The RemoTI Dev Kit has a shortcoming: The documents lack a thorough description of how to use the RemoTI stack and how to create a simple remote-control application or framework. The samples lack flow charts or state diagrams, so I couldn't determine what must happen and in what order. The kit suffers from a dearth of basic examples and tutorials that help engineers understand the needed software components and the interaction between a remote control and a target. If TI can provide this information, engineers will have a kit they can use without having to decipher the code TI provides.
Before you start on any of the sample applications, I recommend you print and read the "RemoTI Developer's Guide," (SWRU198) and also the technology summary and technology paper provided by the ZigBee Alliance at www.zigbee.org/Markets/ZigBeeRF4CE/TechnicalSummary.aspx. These documents provide information that will help you understand how the RF4CE stack works and how TI has implemented it in the RemoTI stack. Without this information in hand you can get confused by operating-system functions and hardware-abstraction layers. Diagrams in the Developer's Guide clarify the stack operations and layer "connections."
I also recommend kit users download and print the "RemoTI Development Kit Hardware User's Guide," (SWRU211) that provides more hardware-setup details, information about the Target Module, programming Flash memory, and the CC Debugger module. You can find complete schematic diagrams and PCB-layout files for the Target Module and the HH remote at www.ti.com/remoTI. Find reference-design files for the CC2530EM board at www.ti.com/cc2530emk.
TI created the HH remote specifically for this kit, so you can access a small programming/debugging connector within the remote's battery compartment. Note that this connector has no "key," so you could improperly connect the CC Debugger pod. Read the "Hardware User's Guide" and use its diagrams to make the proper connection if or when you choose to reprogram the HH remote.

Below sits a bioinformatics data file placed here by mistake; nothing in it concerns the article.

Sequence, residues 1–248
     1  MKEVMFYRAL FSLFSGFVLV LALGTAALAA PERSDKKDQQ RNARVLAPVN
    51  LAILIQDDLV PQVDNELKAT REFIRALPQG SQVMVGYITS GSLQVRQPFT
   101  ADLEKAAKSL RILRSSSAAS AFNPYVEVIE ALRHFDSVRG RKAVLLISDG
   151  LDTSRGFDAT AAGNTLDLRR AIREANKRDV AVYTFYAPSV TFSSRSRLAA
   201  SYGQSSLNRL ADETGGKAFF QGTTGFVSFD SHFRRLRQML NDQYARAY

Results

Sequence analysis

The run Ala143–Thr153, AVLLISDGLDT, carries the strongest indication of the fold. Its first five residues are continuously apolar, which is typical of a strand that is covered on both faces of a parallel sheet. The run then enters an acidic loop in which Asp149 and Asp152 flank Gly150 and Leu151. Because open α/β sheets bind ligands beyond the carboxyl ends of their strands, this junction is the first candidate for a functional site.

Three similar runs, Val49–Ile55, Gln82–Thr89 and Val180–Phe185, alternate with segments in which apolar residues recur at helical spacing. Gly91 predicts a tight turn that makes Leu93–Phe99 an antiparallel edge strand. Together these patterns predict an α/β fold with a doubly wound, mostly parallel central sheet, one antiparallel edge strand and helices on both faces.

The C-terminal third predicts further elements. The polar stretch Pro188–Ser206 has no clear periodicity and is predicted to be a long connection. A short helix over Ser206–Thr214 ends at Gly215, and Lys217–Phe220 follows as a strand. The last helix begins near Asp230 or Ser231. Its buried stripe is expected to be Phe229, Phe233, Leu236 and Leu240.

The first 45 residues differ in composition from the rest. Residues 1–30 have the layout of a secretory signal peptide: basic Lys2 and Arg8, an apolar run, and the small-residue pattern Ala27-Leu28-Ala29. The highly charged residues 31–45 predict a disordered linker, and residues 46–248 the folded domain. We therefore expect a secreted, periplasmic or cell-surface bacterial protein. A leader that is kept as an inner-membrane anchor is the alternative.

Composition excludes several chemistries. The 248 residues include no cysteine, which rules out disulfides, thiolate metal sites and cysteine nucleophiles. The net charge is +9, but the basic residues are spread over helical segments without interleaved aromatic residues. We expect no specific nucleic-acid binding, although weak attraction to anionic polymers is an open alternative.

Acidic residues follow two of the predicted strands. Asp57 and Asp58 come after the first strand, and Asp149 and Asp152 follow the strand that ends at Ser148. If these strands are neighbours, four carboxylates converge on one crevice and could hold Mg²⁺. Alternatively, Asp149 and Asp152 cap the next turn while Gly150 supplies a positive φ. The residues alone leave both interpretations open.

TI has done a professional job with its documents for this kit. The "RemoTI Sample Applications User's Guide," for example, defines acronyms and expressions and includes a list of eight helpful references that relate to this kit, the RemoTI protocol, and the RF4CE stack.
I noted earlier that the download from TI includes documents, which means you have the latest version that include any updates or corrections. Look in the Texas Instruments directory for the Resource Guide folder. The version I downloaded provided 15 documents, links to other information, and a list of changes from earlier RemoTI versions. I liked having these documents on hand on my lab PC.
I got off to a difficult start with the samples in the Application User's Guide because I mistook the Target Board for what TI calls the "Basic Remote Controller," or the handheld remote (my name for it). So, I tried several times to program the Target with code meant for the HH remote. It seemed logical to me that the remote control was the "thing" I wanted to control remotely, and not the HH remote. After a few hours I figured out my error and proceeded. The IAR Embedded Workbench tools worked just fine.
Unfortunately, TI calls the application that runs on the Target a "Network Processor," rather than a Target application. I used this sample application to reprogram the Target board with the factory-programmed code. After doing so, the Emulator worked well. I also ran the Emulator with the USB dongle, which also worked well.
In several places, TI leaves it to engineers to determine which type of device to program and how to program it via many "project configurations," that include a CC2530F64, CC2530F128, CC2530F256, CC2531F256, CC2530F64-HEX, and CC2531F256-HEX. But the instructions do not explain how to determine the configuration to use with devices in the kit. I found the Target MCU labeled CC2530F256, so I chose that configuration when I reprogrammed the "Network Processor " code. TI's technical writers and engineers should do a better job explaining why and how to choose the proper configuration.